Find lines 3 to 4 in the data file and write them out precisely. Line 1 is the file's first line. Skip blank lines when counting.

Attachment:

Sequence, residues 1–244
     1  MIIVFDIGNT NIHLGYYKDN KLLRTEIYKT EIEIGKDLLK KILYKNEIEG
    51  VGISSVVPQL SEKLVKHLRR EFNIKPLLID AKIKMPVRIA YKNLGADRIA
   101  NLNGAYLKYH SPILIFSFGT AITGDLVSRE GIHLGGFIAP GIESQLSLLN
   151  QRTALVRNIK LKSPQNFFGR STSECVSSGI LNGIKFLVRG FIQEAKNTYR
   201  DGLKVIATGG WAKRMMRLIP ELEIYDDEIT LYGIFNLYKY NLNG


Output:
    51  VGISSVVPQL SEKLVKHLRR EFNIKPLLID AKIKMPVRIA YKNLGADRIA
   101  NLNGAYLKYH SPILIFSFGT AITGDLVSRE GIHLGGFIAP GIESQLSLLN